Seriously, who’d buy a Sydney high-rise apartment?
On Monday, new research by the Strata Community Association NSW revealed that four in 10 new apartment buildings in NSW have serious defects.
And yesterday, The SMH reported that an apartment tower in Sydney’s south-west came close to being evacuated after an engineer’s report warned that the building was at serious risk of collapse due to structural flaws:
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After emergency inspections on Wednesday, NSW Building Commissioner David Chandler said inspectors from Public Works Advisory had advised that there was “no immediate safety risk” to residents of the 10-storey tower in Canterbury. “They will now take the time necessary to review the materials gathered during the investigation,” he said…
The inspection was sparked by a structural engineer hired by owners warning that the 10-storey tower was a “risk to occupants”, and a collapse would also lead to “catastrophic damage” to two other apartment buildings that make up the Vicinity complex.
The complex on Charles Street has about 276 apartments, and was completed about six years ago by Toplace.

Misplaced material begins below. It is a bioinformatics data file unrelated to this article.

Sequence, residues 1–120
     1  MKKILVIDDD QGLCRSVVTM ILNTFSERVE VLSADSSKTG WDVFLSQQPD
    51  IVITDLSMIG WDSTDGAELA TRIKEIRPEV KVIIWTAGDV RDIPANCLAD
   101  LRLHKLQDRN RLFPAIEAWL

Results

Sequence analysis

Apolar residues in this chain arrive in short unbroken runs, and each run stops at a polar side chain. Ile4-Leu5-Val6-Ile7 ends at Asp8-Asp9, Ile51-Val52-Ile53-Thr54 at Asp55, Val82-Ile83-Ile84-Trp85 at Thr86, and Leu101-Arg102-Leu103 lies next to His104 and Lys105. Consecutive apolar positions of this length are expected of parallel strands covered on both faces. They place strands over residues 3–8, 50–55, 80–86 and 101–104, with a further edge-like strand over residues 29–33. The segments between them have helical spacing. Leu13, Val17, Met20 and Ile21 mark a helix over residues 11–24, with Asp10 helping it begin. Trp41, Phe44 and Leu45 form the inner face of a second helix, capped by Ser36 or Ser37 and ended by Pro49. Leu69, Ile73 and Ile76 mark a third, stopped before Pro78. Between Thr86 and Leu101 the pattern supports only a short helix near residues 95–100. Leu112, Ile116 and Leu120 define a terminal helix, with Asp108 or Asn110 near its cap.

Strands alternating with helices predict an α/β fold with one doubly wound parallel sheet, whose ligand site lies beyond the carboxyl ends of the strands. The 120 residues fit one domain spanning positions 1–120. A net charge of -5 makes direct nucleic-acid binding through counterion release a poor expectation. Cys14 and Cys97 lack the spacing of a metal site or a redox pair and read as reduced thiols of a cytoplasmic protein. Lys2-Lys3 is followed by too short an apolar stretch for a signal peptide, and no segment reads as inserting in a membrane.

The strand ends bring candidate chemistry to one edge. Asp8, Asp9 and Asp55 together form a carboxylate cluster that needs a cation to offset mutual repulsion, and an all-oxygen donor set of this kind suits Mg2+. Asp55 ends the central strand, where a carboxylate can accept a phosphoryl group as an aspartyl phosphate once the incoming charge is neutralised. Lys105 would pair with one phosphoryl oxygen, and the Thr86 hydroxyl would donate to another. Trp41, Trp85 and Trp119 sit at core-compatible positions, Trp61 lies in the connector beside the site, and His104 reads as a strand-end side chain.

A report by the structural engineer, completed on Sunday, warned that a range of serious concerns, including the “magnitude of support deficiencies” and loss of structural robustness and absence of “fundamental structural members”, put the 10-storey building at severe risk of collapse in an earthquake.
A 2019 Four Corners report, entitled Cracking Up, featured building law expert Bronwyn Weir who claimed that thousands of apartments built over the past 15 to 20 years suffered from major structural defects:
“We have hundreds of thousands of apartments that have been built across the country over the last two, three decades. Probably the prevalence of noncompliance has been particularly bad, I would say in the last say 15 to 20 years […] And that means there’s a lot of existing building stock that has defects in it […] There’ll be legacy issues for some time and I suspect there’ll be legacy issues that we’re not even fully aware of yet”.
Coincidentally, the proliferation of poorly constructed high-rise has occurred alongside the massive ramp-up in immigration into Australia:
Who would have thought? Importing hundreds of thousands of people every year requires massive volumes of homes to built quickly, which necessarily erodes quality.
The Urban Taskforce projects that half of Sydney’s residents will live in apartments by 2057 as the city’s population swells:
So, if NSW Premier Dominic Perrottet gets his way, and immigration is boosted to more than 400,000 people a year, then even more Sydneysiders will be squeezed into high-rise apartments.
Flooding Australia with so many people will inevitably result in the proliferation of ugly, defective high-rise buildings. The only winners from this immigration madness will be property developers.
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